October 1, 2011 in Features

Burns’ new project explores Prohibition

Encounter with historian led to three-part series
Gail Pennington St. Louis Post-Dispatch
 

New York City Deputy Police Commissioner John A. Leach, right, watches agents pour liquor into sewer following a raid circa 1921.
(Full-size photo)

On the air

Ken Burns’ “Prohibition” airs Sunday through Tuesday at 8 p.m. on KSPS-7 in Spokane, KCDT-26 in Coeur d’Alene and KUID-12 in Moscow.

What were we thinking?

In 1918 and early 1919, with giddy thoughts of reforming society, voters in 36 states overwhelmingly approved the 18th Amendment to the Constitution, banning the sale and manufacture of intoxicating beverages.

The ban went into effect Jan. 17, 1920, but instead of going dry, America went crazy. For 13 years before repeal, the era known as Prohibition became an object lesson in unintended consequences, creating evils the Anti-Saloon League, which pushed it through, could never have imagined.

Ken Burns, whose massive documentary projects include “The Civil War,” “Jazz” and “Baseball,” was walking across the Brooklyn Bridge (another of his subjects) one day when he ran into historian Daniel Okrent.

“I know what your next project is going to be,” said Okrent, who was then working on a book about Prohibition.

Six years later, Okrent is a major presence in Burns’ “Prohibition,” which debuts Sunday on PBS.

His book, “Last Call: The Rise and Fall of Prohibition” (Scribner, 480 pages, $17 paperback), makes a wonderful companion piece to the three-part series from Burns and Lynn Novick.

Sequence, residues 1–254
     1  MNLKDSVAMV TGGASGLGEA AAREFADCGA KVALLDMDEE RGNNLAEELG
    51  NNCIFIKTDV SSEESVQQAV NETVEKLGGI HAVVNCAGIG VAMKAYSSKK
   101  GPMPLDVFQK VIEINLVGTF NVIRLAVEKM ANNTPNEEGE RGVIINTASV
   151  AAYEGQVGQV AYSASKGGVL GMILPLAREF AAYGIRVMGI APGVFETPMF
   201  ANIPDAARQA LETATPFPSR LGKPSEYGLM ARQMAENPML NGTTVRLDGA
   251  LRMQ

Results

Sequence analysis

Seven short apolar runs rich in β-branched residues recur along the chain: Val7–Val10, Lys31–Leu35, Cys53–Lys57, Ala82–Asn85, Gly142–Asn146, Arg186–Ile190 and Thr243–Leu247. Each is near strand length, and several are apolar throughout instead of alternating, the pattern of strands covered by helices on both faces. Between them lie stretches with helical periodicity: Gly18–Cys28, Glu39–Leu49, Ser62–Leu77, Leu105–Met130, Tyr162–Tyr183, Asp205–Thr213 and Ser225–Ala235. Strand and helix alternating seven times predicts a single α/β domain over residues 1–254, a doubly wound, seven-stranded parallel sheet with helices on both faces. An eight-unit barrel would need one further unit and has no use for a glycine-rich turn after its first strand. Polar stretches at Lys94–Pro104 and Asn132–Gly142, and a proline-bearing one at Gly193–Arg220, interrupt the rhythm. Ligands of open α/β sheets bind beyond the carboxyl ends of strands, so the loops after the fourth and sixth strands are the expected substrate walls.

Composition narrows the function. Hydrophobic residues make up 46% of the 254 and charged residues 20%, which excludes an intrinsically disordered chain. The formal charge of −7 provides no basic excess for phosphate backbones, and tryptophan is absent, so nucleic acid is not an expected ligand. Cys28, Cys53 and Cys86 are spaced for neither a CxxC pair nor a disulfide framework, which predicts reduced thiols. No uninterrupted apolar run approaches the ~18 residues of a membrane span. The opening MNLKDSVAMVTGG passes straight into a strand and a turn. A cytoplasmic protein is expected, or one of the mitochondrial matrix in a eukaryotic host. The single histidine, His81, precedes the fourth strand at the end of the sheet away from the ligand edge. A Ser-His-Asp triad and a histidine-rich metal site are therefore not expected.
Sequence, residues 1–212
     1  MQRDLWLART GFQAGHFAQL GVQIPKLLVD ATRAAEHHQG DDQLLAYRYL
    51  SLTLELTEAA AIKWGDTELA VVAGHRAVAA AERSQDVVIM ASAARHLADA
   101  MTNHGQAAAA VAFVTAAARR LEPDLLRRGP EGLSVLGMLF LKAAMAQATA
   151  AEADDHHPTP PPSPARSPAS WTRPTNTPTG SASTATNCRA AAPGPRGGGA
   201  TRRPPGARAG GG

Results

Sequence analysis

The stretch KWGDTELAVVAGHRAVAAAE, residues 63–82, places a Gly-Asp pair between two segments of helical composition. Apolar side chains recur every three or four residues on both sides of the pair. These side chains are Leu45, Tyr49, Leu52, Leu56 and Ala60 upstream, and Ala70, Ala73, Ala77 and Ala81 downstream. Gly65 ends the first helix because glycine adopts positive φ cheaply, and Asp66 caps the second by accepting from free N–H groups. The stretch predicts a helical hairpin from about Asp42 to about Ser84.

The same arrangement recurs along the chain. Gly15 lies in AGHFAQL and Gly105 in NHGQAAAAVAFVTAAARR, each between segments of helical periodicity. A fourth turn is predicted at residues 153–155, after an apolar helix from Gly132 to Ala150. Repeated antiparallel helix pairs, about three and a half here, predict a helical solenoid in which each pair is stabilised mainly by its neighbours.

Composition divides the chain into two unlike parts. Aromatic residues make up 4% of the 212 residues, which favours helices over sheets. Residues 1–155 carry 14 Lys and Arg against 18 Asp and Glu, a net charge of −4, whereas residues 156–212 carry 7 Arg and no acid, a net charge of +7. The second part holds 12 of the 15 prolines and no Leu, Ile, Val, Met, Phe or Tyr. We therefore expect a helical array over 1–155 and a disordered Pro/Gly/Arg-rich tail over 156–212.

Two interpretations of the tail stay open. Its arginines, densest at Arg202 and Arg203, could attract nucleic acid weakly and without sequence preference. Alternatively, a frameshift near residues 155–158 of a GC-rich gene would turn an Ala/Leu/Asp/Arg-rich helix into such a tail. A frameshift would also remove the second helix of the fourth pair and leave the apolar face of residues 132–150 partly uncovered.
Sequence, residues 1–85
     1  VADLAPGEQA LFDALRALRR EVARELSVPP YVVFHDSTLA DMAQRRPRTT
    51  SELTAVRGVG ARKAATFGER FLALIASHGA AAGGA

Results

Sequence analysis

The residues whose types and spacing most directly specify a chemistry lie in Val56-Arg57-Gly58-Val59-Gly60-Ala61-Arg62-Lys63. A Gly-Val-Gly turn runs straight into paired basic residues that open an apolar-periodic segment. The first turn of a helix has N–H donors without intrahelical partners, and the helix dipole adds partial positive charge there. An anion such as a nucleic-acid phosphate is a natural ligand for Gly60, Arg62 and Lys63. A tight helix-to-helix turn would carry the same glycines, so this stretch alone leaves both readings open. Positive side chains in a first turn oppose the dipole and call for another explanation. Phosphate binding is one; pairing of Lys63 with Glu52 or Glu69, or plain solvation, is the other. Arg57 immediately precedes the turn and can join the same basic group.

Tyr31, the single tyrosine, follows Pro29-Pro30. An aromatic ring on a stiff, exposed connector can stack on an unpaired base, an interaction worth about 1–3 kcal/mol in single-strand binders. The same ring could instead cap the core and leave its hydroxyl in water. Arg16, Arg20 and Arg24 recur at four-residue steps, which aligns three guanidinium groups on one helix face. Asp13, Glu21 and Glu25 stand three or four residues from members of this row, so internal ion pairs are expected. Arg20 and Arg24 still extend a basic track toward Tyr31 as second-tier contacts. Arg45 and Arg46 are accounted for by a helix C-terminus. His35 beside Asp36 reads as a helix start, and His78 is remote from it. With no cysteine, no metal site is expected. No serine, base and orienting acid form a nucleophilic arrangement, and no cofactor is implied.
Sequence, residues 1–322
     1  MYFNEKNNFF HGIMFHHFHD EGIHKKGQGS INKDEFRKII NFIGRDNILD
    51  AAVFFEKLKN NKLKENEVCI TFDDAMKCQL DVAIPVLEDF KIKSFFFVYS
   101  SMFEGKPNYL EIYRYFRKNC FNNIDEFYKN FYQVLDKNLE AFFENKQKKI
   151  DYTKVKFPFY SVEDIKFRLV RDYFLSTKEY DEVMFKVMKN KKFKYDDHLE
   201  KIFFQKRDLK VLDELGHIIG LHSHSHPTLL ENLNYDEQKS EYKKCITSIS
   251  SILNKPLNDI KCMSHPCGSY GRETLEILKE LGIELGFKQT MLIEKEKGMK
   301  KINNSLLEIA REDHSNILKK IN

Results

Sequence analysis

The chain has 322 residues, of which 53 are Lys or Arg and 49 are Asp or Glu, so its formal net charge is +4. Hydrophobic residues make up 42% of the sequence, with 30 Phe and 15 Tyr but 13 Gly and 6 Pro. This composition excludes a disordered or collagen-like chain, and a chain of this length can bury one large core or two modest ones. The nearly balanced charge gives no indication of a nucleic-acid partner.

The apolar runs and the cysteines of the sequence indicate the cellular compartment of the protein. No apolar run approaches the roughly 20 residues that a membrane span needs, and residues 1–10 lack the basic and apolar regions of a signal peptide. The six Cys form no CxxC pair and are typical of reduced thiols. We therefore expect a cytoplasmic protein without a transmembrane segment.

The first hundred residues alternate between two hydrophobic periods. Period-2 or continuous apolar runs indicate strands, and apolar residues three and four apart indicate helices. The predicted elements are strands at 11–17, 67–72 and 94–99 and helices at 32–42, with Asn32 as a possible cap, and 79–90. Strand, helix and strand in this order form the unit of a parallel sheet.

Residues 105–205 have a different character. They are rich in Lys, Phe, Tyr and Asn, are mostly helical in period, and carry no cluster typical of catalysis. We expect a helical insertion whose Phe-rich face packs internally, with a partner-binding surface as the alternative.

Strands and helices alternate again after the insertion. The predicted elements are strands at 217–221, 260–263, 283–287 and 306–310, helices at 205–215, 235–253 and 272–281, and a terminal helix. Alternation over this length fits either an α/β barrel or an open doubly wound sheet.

“We benefited from his extraordinary research and went off on our own tangents, but most importantly, benefited from his presence in every scene of this film to make it, we think, a lot smarter,” Burns says.

Looking back on the era, we think of gangsters and flappers, bootleggers and bathtub gin. Maybe we think of “Boardwalk Empire,” the HBO series set in 1920s Atlantic City, N.J.

But “Prohibition” goes much deeper, spending its first two hours setting the scene and examining the factors (including rampant alcohol abuse) that made the ban seem like such a good idea and the motives that made so many diverse factions support it.

“The alliance that was created around the Prohibition movement was not an alliance between groups,” Okrent said. “It was a coming together because (the issue) was the one thing they shared in common.”

Women who didn’t even have the right to vote took to the streets to urge men to “vote dry.” The Ku Klux Klan and black ministers all supported it; so did the far right and the far left.

“In that regard, it’s very different from our political circumstances today,” Okrent said. The Anti-Saloon League “only cared what you thought about that one issue.”

While Okrent’s book is a weighty (but immensely readable) exploration of every aspect of Prohibition, Burns and Novick “had to pick the few stories we thought we could tell well and try to do them in enough depth that you could understand some of the themes and issues,” Novick said.

“Prohibition,” which runs just under six hours over three nights, is divided into three sections: “A Nation of Drunkards,” examining the saloon culture of the late 18th and early 19th centuries and its devastating effect on some families; “A Nation of Scofflaws,” looking at how Americans – for fun or profit – evaded the law; and “A Nation of Hypocrites,” covering the movement toward repeal.

The pace is brisk for a Burns project, although one might still wish for fewer thoughtful pauses, and the historians who are interviewed have lively things to say.

Some of the film footage is amazing, especially the home movies that researchers rounded up to show how people really lived, and partied, at the time.

In the final hours, a remarkable bit of film shot just after repeal shows an Anheuser-Busch beer wagon pulled by the brand-new Clydesdales navigating a crowded Manhattan street to deliver a case of Budweiser to Al Smith, the former New York governor and repeal supporter.

That same wagon eventually pulled up to the White House to make a delivery to President Franklin D. Roosevelt.


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